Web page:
I don’t have XBOX so can’t really suggest much else - but all the info on what is going on should be there in the packet captures hopefully, it might just take some digging to figure it out.

Good luck!

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Thank you! I’ve been trying to come up with some way to monitor what is actually going on. You’ve saved me some time on figuring out how to do so. I’ll report back here with my findings, as I feel this is very important for anyone else with more than one Xbox in a pfsense firewall!

And tell me about it, I can’t stand this upnp nonsense anymore than you or the corporate world can. But I have an angry uncle who needs his Xbox time after work lol. It’s also why I’ve minimized the ports to 53-65535 and have default-deny on. Minimized the threat at least.

Ahh, UPnP has its place. Unfortunately, given the world we live in with NAT everywhere it is a necessary evil for home user gear.

But the proper solution to all this crap is IPv6 and it pisses me off that 20 years later, we’re still screwing around with band-aids that simply shouldn’t need to exist. But that’s a whole other topic :smiley:

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Indeed, ipv6 makes all of this irrelevant. Soon… :thinking:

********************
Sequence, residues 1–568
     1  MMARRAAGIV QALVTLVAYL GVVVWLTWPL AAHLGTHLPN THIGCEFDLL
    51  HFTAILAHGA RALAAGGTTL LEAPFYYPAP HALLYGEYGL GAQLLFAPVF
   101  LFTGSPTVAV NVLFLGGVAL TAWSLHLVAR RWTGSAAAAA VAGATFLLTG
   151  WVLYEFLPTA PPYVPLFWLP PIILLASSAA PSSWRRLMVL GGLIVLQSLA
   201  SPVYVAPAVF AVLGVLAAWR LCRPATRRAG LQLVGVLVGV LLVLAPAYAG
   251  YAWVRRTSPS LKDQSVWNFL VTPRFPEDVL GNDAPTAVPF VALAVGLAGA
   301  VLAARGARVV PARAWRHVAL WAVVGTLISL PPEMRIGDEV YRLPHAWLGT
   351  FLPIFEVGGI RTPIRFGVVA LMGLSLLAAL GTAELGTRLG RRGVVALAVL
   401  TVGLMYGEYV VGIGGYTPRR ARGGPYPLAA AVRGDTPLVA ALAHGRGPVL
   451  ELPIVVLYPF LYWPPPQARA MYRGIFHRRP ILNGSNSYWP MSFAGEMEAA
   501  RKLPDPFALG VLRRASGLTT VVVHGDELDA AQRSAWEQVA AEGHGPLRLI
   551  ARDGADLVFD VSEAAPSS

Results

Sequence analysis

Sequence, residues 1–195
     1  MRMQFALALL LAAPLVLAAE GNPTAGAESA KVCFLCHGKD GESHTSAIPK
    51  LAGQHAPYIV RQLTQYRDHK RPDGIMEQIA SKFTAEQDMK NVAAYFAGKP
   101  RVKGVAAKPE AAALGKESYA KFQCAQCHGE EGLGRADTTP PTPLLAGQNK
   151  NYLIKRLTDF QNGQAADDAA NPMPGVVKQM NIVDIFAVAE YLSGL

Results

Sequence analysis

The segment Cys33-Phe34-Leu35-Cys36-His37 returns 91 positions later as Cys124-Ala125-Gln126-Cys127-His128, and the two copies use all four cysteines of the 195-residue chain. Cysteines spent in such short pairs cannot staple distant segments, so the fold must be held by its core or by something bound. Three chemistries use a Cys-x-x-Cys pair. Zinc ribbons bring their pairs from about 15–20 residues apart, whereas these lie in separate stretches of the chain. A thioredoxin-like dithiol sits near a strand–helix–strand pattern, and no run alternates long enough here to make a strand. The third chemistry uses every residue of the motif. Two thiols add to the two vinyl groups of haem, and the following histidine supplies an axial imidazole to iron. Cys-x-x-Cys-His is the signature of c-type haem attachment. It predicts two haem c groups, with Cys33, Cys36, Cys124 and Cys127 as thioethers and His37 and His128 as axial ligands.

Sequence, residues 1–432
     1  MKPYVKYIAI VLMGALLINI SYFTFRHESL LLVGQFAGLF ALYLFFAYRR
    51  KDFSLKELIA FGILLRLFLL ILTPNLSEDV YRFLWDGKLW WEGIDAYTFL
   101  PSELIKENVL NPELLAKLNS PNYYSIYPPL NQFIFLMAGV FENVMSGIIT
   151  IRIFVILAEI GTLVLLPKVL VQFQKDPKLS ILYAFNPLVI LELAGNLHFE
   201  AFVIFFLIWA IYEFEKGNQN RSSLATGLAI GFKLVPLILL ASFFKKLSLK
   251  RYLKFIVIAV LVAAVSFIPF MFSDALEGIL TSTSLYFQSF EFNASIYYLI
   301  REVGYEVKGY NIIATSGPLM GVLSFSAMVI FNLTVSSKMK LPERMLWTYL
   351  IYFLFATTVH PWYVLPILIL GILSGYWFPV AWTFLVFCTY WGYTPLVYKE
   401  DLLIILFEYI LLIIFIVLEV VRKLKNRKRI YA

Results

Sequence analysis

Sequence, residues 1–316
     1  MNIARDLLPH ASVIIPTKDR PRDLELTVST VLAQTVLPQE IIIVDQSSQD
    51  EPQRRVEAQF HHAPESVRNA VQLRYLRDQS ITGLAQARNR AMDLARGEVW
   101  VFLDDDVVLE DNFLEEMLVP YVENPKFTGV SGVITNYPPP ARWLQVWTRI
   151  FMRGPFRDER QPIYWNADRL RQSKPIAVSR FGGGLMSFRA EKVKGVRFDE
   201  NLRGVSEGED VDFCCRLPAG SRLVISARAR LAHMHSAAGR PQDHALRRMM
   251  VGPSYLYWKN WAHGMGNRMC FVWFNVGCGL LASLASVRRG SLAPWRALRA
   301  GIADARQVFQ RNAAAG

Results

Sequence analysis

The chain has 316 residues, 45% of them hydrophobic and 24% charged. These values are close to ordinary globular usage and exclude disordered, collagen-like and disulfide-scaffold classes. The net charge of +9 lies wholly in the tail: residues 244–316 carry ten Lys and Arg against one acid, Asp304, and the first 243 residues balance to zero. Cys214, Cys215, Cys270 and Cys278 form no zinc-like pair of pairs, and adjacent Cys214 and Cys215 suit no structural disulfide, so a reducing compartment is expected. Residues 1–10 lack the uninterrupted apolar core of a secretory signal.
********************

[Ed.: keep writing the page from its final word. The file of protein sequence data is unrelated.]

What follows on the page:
You’d hope. Vendors are still rolling out products that do not support IPv6. A lot of telcos don’t support IPv6. I’m lucky enough to have had ipv6 on my home connection since 2012 (my ISP at the time implemented it in 2008).

But most of them are dragging their feet.

Hopefully the tiny quantity of ipv4 allocated to China will get the corporate world on board to demand it, so they can access the Chinese market.

Yeesh. I even have ipv6 on my OnePlus One from 2013 with T-Mobile :joy:

I FIXED IT!!! Basically I had to create a separate vlan on the pfsense firewall with rules that allow all internet traffic to wan gateway instead of the default openvpn. I then isolated this vlan from LAN to create a ‘sandbox’ around the Xbox live network.

Setting up the VLAN was the confusing part since I am using an openwrt dumb AP coupled with another openwrt router as the repeater using wds and STP. Once I set things up properly on those, I ended up with 2 wifi connections. One for default lan and one for the new sandboxed Xbox live vlan.